The Monday Sweet Spot – 02/22/2016
pay to get popular school essay on hacking term papers written for you click click https://atc.bentley.edu/admission/cause-and-effect-essay-outline-format/12/ see go essay about saudi culture searle cytotec fake nails watch clomid ovulation day 24 has less side effects levitra cialis bactrim ds side effects clinical research writer resume christmas essay in hindi for class 7 https://sigma-instruments.com/viagra-femenino-online-12146/ go https://www.mitforumcambridge.org/multiple/editing-scientific-papers/2/ https://thejeffreyfoundation.org/newsletter/the-christmas-carol-essay/17/ celta assignment help source url geography coursework help do you take viagra empty full stomach https://chfn.org/fastered/doxycycline-lymes-disease-dosage/36/ double space essay custom critical analysis essay editor service ca nursing writing services reviews contraction alkalosis lasix how long does levitra side effects last human cause global warming essay essay tobacco ban bhutan theme powerpoint We’ve all hit that point during a smoke, usually about half way through, in which the cigar’s flavors and aromas open up and transform the experience into something far more rich, complex, and enjoyable.
In this moment, gentlemen, you’ve hit the “sweet spot”.
A moment that encourages you to open your senses, and to truly appreciate the experience that the smoke has ushered you into.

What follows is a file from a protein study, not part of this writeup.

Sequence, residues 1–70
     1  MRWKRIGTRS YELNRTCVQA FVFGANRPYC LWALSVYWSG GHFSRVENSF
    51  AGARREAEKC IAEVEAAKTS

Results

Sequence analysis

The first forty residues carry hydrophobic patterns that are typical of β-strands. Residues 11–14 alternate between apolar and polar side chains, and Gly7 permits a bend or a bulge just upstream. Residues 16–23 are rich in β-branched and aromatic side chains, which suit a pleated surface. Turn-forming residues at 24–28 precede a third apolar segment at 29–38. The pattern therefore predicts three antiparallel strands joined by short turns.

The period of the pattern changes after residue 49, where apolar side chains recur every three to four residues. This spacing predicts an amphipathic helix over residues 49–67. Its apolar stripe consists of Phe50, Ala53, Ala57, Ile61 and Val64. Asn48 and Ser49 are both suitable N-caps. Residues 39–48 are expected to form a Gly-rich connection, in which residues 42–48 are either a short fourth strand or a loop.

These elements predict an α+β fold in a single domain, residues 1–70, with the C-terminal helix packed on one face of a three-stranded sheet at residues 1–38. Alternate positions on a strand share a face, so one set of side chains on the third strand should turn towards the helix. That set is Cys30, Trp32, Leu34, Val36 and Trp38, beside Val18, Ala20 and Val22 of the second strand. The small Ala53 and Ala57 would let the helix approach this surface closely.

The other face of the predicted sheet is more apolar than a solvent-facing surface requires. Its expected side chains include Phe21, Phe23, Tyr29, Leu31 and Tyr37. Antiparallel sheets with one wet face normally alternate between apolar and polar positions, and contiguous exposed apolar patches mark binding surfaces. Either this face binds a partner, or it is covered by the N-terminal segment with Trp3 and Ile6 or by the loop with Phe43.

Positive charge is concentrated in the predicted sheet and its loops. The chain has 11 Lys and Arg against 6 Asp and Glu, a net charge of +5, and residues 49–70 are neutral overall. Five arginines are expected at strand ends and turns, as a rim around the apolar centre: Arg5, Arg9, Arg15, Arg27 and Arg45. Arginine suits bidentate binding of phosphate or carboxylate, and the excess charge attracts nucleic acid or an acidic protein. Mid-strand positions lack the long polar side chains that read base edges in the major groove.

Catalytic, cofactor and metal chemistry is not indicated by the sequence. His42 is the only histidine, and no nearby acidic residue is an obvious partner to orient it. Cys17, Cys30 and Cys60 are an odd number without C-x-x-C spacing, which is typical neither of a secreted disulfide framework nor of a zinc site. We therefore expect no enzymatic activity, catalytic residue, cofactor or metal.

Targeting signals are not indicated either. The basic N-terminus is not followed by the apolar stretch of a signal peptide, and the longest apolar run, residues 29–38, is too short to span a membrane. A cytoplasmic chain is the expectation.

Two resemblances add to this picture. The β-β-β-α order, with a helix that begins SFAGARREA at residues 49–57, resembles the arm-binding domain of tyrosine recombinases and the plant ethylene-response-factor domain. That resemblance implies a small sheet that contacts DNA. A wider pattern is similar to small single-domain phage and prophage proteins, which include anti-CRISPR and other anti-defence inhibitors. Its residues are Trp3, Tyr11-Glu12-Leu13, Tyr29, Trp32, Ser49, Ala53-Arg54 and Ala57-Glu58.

In the same way, it’s important to take time in our lives to slow down, and open our senses to the world around us. To take notice of the good things going on and the good people doing them.
These are life’s “sweet spots”, and your Monday could use one…
Stroke Survivor Finds a Way to Continue Playing the Piano
Charles Spencer, 64, had a stroke ten years ago, which left him with little speech and limited mobility.
Charles said: “I was a keen pianist before my stroke, but after my stroke I lost the use of my right side, meaning I could no longer play, or so I thought. I thought that chapter of my life was closed and loaned my grand piano to a local grammar school.”
Eight years after his stroke, he realized it was possible to learn to play the piano using his left hand, and he had his piano returned home.
He said: “I didn’t know adapted music was even composed for left handed pianists. Like I had to learn to speak and read after my stroke, I had to re-learn how to read music. However, that skill soon returned, enabling me to play using only my left hand. My friends and family have commented that my speech has also improved since starting to play again.”
“Being able to play the piano again, albeit with one-hand, has transformed my life. It’s given me a purpose and been a tremendous help in restoring a sense of self and self-worth, both of which were severely affected after my stroke. When you’re used to using two hands, you don’t give a second thought to what it’s like to have the use of only one.”
Now, Charles is encouraging others to get involved with the Stroke Association fundraiser ‘Give a Hand’ and see what they can achieve using the hand they wouldn’t normally use.
“By getting involved with ‘Give a Hand,’ hopefully many more people will able to help change the world for stroke survivors. The vital funds raised for the Stroke Association will support people like me.
This article was originally posted on goodnewsshared.com.